Eleven months ago we put a Sunchips bag to the test, placing it in a compost pile to see if it would really decompose. We checked in on the bag periodically only to find, despite the claims and pictures on the bags detailing “how easily” they would break down in a compost heap, the bag remained unchanged. We gave up, left the bag in the compost pile attached to a string, and nearly a year later on July 23, 2011, we dug it out. The results are shocking. Watch our video to see how the bag did NOT change at all!
Shortly after we published our test results last year, Consumer Reports Magazine came to the same conclusion!
And that little ‘timeline’ Sunchip bags used to have, with pictures showing “how easily” it would break down in a compost pile, well that picture no longer exits on new Sunchip bags. Smart move Frito Lay, smart move…
On the Frito Lay website the company claims it tried out its decomposition tests in an industrial compost facility and then asked a lab to test the bags in what would be a typical “home compost” pile. The pictures of their test results are completely different than what our compost challenge revealed.
Last year we contacted Frito Lay who asked its Research and Development team for a comment. The guys in R and D blamed our compost pile! Their thought was that our compost pile was not hot enough. A company spokesperson for Pepsi (which owns Frito Lay) said:
“If the temperature of this compost pile remains low (below 100 F) it will take much longer than 9 weeks to start decomposing. It the temperature is between 100 – 120 F it it will take somewhat longer (maybe 2x). If the temperature of this compost reaches >120 F for at least 1 week then it should emulate the rate of break down we showed. From the pictures attached, it appears this is an older active compost pile, meaning it’s still degrading but new adds will go slower because the temperatures have cooled.”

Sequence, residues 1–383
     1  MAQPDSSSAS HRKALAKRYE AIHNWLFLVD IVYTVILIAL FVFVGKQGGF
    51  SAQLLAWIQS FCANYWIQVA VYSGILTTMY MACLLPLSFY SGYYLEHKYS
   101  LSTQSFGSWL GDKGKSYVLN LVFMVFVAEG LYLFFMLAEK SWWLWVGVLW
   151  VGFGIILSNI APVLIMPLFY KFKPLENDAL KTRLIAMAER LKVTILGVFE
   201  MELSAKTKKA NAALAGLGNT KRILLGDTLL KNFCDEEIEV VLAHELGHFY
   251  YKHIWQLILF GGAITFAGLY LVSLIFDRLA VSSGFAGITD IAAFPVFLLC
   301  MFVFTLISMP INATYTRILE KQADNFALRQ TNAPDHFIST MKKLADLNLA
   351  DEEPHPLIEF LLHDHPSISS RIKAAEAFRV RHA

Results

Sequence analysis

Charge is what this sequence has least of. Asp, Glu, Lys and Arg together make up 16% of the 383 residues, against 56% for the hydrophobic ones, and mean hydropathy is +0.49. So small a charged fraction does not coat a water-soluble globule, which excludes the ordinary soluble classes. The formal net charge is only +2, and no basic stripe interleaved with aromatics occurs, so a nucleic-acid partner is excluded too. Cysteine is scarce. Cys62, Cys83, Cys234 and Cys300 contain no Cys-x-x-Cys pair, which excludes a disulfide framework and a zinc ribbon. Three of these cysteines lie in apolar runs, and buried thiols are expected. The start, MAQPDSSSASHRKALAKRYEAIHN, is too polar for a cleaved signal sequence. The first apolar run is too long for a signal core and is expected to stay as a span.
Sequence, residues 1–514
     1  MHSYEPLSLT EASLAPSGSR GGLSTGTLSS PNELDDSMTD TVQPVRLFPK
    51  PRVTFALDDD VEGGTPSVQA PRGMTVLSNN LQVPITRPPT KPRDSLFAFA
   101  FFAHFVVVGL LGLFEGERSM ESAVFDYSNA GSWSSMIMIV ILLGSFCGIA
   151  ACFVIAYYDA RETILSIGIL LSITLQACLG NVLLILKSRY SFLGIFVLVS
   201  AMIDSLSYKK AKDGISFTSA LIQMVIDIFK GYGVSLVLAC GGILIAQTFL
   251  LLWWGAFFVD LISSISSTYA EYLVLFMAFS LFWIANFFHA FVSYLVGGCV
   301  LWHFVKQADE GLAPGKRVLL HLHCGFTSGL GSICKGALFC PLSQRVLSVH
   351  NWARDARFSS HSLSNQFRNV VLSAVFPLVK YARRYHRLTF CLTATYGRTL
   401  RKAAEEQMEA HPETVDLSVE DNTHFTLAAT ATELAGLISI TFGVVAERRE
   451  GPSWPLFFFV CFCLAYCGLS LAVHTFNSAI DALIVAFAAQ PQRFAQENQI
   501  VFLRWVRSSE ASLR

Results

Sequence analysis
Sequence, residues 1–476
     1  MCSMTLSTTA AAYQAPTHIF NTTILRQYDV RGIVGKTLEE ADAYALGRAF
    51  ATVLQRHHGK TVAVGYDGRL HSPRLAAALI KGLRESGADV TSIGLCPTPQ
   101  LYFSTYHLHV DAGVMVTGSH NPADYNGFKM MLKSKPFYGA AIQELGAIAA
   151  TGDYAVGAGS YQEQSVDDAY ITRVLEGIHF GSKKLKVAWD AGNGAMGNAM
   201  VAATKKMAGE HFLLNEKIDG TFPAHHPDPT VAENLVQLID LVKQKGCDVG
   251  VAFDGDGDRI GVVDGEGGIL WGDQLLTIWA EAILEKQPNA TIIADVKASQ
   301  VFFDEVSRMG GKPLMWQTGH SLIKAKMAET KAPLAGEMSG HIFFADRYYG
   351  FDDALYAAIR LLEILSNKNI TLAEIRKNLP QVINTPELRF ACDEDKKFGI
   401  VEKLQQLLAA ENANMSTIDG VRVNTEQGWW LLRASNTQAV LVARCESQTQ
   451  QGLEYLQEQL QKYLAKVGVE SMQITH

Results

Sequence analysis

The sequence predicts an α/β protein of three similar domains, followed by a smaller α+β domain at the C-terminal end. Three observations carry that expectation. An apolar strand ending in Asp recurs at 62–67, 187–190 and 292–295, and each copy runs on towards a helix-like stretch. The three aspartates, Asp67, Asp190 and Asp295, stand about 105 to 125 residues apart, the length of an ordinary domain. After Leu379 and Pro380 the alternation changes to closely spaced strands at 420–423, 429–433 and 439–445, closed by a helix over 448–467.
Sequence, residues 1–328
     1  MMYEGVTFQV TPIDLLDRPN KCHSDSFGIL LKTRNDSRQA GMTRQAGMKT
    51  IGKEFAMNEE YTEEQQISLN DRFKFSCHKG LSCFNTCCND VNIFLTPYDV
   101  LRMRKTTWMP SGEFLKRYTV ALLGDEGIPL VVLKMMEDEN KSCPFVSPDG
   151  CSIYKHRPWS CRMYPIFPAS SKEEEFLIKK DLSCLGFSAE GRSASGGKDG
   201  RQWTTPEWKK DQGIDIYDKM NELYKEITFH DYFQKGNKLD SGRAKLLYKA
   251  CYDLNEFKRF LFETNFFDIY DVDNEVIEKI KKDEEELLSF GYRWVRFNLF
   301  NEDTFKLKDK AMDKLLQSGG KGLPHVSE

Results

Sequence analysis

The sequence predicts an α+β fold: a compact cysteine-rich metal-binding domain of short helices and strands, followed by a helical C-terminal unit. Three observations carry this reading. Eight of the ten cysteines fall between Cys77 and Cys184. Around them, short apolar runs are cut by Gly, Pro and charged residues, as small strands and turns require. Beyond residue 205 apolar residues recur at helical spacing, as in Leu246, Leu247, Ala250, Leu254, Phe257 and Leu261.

We asked if the company thinks their bag claims are misleading? The same spokesperson responded:
“Without physical seeing your compost pile or getting a series of temperature readings, our R&D folks can’t determine the timing of decomposition. The key as noted below — and one of the reasons all of our communications includes “hot” not just “active compost”– is temperature. Active compost is not enough. If not already, hopefully you can get the pile into 120 F range in order to start replicating the rate we saw.”
Our original Sunchips bag is now back in the compost pile, attached to the same string. We plan on checking on it again soon, any bets on how long it will really take to decompose?